Saturday, 11 May 2013

AD793 Portents and Omens of Disaster at Lindisfarne

With hindsight it was clear that trouble had been brewing for some years. The Shetlands and Orkneys had both been overrun by Viking invaders in the later 8th century, while both Caithness and Sutherland in Scotland had been attacked and pillaged. In 789 three ships from Scandinavia put in to Portland on the south coast of England. When the local government official rode down to ask the new arrivals their business, they killed him and  then fled.

Even so the people of Northumberland do not seem to have expected any trouble. They certainly took no precautions. They later said that mysterious fiery dragons had been seen in the sky and regarded these as omens of evil. Whether these were comets, meteorites or mere imagination it is impossible to know.

In fact the North Sea was already being travelled by comparatively large fleets of Norwegians intent on exploration, loot and violence. Whether it was pressure of population increase at home, a thirst for adventure or pagan savagery that urged the Vikings on is still an open question, but come they did. They were pagans who cared nothing for the Christian faith of England, treating churches with a contempt that shocked the English – or at least the monks who wrote down records of events.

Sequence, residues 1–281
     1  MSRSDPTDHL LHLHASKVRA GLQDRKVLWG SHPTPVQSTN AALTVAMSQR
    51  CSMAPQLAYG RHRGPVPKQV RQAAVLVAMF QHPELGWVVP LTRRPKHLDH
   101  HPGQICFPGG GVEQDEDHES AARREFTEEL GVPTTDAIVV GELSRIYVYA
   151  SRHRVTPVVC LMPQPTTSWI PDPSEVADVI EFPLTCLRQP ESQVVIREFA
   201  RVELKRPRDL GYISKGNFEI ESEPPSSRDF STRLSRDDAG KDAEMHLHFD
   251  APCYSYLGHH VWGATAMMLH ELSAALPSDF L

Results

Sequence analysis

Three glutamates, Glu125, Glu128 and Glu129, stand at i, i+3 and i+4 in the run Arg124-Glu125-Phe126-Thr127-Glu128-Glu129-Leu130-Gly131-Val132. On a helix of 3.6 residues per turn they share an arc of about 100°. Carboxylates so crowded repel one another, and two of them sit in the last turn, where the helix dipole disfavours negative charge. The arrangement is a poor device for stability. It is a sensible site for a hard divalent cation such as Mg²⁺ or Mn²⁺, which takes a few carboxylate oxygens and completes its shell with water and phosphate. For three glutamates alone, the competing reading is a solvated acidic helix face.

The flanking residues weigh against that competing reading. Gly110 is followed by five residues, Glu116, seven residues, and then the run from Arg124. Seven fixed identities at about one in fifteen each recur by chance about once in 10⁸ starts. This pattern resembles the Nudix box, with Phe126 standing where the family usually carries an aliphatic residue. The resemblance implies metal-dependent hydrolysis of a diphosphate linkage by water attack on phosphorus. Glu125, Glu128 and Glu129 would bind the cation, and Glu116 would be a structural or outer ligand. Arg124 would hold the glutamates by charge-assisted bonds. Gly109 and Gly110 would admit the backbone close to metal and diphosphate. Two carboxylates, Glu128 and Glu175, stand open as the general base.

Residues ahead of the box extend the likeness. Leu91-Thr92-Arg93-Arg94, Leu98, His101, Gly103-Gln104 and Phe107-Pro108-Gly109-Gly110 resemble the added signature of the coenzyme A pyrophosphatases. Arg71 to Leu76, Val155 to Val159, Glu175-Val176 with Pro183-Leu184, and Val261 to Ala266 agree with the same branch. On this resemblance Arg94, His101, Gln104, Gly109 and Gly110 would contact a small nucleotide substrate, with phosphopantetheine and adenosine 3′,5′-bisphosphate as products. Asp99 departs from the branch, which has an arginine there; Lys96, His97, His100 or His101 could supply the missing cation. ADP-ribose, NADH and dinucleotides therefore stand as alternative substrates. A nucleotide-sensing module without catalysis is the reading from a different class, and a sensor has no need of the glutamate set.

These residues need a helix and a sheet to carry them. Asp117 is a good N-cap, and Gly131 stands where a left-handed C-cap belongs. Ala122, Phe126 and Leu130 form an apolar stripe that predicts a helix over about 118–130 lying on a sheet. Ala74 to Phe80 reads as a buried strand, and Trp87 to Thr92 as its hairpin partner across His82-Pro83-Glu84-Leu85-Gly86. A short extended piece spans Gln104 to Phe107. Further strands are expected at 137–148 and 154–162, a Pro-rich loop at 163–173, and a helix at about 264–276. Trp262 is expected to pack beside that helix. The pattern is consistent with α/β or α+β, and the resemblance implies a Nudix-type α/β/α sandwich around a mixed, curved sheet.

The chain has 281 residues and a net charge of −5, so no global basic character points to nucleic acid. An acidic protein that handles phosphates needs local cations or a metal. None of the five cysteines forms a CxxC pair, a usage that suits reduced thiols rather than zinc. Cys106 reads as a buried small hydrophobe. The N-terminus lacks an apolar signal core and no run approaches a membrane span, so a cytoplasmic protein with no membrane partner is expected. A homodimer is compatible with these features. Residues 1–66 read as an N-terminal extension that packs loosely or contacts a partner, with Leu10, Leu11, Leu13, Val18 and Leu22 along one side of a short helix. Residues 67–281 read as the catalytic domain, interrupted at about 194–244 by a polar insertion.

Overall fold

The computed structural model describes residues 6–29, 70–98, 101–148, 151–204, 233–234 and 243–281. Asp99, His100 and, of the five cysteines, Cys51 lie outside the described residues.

from "Battlefield Walks of Northumberland" by Rupert Matthews.

Buy your copy HERE

Book Description

1 April 2008 Battlefield Walks
Northumberland is one of the most beautiful counties in England, but also one of the most fought over. It has seen countless skirmishes, some very bloody, between invading and looting Scots and the avenging English families of the Percies, Umfravilles and Nevilles.

Rupert Matthews, ‘the History Man’, presents fifteen guided walks around the battlefields of Northumberland. He provides an account of events as they unfolded on the ground along with full background and context. His expertise, descriptive powers and lively enthusiasm bring the drama of history vividly to life.

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